Léonie did not abandon her hopes of the cloistered life. While occupying herself with the poor in Lisieux, she began to think about the Visitation, founded by St Frances de Sales and St Jeanne de Chantal, specifically for women who were not able to withstand the rigours of more ascetic religious communities. Indeed the very aunt who had so influenced her in childhood had entered the Visitation after trying her vocation with the Poor Clares and, like her niece, been unable to cope with its rigours. It would take three attempts for Léonie to be able to stay at the Visitation. In the meantime she was forced to beat two more humiliating retreats: her eczema being the principal culprit.
Throughout this turbulent period, Thérèse supported her older sister through prayer and words of encouragement. Towards the end of her life, she promised Léonie that after her death she would see to it that she should realise her dream of being a Visitandine. Just over a year later, a new prioress, with a more understanding attitude to Léonie's needs, made it possible for her to re-enter the convent, this time for good. The publication of Story of a Soul also gave Léonie an essential weapon in her spiritual arsenal: the Little Way, which the older sister embraced with miraculous results.
To this day, the Sisters of the Visitation in Caen tell a lovely anecdote about Sister Francoise-Thérèse (the name she took on her final profession), and her connection with her more stellar sister in Lisieux. When Thérèse's body was exhumed and taken back to Carmel for the process of beatification, Léonie was not able to be present. Céline - Sister Geneviève - prayed to Thérèse to send some token of her affection for her missing older sister. The authorities kept the sisters well back as the coffin was exhumed, but Sister Geneviève saw something fall out of it and roll right to her feet. She bent down and picked it up. It was a wisdom tooth.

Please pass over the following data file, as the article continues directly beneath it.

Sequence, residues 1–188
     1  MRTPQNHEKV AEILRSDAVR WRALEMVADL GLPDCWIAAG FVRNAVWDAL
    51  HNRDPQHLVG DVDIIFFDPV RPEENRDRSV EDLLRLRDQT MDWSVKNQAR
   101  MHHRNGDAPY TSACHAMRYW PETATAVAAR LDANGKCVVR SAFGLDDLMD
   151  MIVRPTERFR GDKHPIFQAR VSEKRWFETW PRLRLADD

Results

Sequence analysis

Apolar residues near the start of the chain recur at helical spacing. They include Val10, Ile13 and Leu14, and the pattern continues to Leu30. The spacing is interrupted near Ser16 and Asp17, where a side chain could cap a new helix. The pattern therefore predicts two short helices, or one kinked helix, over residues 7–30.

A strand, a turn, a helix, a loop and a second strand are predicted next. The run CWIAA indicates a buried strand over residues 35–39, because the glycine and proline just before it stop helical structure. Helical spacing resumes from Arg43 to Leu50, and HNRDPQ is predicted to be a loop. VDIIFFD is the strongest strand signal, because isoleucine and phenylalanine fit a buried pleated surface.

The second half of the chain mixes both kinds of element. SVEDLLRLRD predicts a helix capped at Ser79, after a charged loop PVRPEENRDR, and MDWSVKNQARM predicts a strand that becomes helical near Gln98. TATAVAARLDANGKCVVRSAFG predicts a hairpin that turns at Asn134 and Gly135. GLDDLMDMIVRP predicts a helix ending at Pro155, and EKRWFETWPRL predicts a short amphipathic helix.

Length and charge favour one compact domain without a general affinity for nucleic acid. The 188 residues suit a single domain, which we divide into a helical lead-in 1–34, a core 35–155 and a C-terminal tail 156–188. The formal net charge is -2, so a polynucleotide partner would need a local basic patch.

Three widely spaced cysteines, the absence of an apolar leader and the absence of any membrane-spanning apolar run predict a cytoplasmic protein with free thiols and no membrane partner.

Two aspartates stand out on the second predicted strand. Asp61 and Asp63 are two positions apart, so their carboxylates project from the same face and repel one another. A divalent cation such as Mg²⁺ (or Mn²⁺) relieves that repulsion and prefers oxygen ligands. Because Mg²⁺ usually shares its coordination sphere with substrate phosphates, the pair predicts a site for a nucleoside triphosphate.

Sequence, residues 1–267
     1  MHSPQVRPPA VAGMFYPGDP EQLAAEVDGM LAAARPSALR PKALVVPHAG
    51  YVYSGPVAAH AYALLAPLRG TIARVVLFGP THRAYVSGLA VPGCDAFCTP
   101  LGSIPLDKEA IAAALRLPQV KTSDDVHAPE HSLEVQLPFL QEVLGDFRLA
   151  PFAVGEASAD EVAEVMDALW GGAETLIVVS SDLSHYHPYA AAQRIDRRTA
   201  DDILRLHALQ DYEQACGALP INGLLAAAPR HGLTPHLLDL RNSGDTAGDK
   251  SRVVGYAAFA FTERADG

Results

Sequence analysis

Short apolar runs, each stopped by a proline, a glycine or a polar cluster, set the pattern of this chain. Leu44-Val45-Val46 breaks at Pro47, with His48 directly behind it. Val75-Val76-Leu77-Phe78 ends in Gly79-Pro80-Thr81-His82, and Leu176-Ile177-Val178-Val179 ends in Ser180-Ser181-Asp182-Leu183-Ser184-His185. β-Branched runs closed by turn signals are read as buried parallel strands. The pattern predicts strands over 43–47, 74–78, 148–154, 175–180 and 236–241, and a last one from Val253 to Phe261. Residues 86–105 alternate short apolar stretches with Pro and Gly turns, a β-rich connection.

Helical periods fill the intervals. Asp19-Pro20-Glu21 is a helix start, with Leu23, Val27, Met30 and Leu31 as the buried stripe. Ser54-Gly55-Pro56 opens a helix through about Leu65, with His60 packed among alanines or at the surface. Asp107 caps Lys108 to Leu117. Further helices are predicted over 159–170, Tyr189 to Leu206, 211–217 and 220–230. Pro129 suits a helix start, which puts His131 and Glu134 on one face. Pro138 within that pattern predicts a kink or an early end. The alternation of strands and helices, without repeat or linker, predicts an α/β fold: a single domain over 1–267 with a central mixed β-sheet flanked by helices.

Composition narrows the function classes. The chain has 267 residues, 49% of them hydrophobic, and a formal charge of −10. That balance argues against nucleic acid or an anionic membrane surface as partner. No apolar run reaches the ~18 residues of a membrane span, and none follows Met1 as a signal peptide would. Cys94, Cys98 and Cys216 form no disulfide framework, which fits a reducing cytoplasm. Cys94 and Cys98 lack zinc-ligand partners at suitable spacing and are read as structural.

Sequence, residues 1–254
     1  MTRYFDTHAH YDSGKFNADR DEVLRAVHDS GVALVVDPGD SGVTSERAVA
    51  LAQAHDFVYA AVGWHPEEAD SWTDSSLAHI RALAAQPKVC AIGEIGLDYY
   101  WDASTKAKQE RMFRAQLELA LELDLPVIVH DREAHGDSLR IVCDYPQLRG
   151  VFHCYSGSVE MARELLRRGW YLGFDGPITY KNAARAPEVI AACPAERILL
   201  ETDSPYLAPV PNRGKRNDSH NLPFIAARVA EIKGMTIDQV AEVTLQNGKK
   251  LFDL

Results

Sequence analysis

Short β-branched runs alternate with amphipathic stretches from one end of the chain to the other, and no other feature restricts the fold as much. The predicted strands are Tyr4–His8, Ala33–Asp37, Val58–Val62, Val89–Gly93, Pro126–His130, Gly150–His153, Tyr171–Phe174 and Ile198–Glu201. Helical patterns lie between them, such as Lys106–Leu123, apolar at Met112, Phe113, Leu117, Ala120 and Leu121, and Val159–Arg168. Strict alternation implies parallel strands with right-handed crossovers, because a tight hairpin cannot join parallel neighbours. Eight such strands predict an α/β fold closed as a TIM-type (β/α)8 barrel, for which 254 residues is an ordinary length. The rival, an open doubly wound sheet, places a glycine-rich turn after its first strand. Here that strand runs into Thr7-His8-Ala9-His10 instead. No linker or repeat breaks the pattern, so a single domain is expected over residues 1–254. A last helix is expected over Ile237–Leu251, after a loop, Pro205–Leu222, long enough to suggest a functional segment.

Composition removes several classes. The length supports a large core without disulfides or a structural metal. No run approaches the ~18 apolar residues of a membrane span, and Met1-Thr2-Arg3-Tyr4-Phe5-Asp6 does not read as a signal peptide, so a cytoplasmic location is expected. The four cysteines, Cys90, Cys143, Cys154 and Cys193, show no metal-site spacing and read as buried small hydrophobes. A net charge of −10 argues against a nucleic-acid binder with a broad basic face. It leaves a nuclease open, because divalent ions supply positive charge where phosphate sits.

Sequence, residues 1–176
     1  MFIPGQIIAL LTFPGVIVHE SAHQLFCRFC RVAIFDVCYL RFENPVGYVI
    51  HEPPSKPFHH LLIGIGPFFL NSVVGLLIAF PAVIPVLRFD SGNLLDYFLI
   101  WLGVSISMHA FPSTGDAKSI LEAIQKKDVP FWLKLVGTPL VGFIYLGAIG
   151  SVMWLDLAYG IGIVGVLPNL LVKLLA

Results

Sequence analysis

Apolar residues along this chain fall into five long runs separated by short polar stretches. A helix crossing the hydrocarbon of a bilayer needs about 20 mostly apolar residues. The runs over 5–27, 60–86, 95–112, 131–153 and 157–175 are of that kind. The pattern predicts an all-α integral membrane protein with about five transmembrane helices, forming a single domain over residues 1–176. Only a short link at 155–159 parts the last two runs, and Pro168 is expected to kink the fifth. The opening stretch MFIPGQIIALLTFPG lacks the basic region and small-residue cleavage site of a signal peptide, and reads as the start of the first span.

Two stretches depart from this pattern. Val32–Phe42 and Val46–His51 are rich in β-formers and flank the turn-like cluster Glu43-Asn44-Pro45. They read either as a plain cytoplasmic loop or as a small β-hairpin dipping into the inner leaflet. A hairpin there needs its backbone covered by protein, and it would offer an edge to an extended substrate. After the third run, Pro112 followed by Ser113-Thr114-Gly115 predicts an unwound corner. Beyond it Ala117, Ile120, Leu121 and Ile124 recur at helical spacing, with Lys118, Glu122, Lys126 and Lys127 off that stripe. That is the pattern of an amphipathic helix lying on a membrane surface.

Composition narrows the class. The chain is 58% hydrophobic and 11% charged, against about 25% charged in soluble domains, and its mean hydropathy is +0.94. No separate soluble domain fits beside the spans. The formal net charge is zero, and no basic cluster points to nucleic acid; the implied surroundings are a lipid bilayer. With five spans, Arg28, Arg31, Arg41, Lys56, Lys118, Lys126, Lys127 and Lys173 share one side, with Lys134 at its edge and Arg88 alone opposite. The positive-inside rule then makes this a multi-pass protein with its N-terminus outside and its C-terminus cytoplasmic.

That tooth is on display in the crypt at the Visitation where Léonie's body now lies and where thousands of letters have arrived in the years since her death on the June 16 1941, begging the intercession of the one Martin sister who never looked much like a saint. Many of these letters concern troubled adolescents and seemingly failed lives. It is the wisdom of the little ones, the wisdom Thérèse unlocked for her sister so effectively, which they seek. William Blake once said that he who persists in his folly will become wise. The folly of the gospel is particularly accessible to those who have been stripped of worldly glory. If nothing else, Léonie Martin could be the patroness of persistence against impossible odds.
[published 06/26/2009 - The Catholic Herald]
Louis Joseph-Aloys-Stanislaus Martin (1823 - 1894)
Azélie-Marie Guérin Martin (1831 - 1877)
Marie-Louise Martin (1860 - 1940)*
Agnès de Jésus Martin (1861 - 1951)*
Françoise-Thérèse Martin (1863 - 1941)
Marie-Hélène Martin (1864 - 1870)*
Marie-Joseph Louis Martin (1866 - 1867)*
Marie-Joseph Jean-Baptiste Martin (1867 - 1868)*
Céline Martin (1869 - 1959)*
Marie-Melanie Thérèse Martin (1870 - 1870)*
Thérèse of Lisieux (1873 - 1897)*
Monastère de L'ordre de la Visitation de Sainte Ma
Departement du Calvados
Created by: Mémoriaux Atlantique
Record added: Apr 23, 2010
Find A Grave Memorial# 51510565
Dear Léonie, I'am thinking of you today! Rest in peace in the arm's of our God! You'll be never forgotten!|
Ingnes from Germany
Added: Jun. 16, 2016
Added: Apr. 28, 2016
Dear Sr. Francoise-Thérèse, I'am thinking of you today, you will never been forgotten, wonderful sister of our beloved St. Thérèse!!! Rest in peace!!|
Ingnes from Germany
Added: Jun. 16, 2015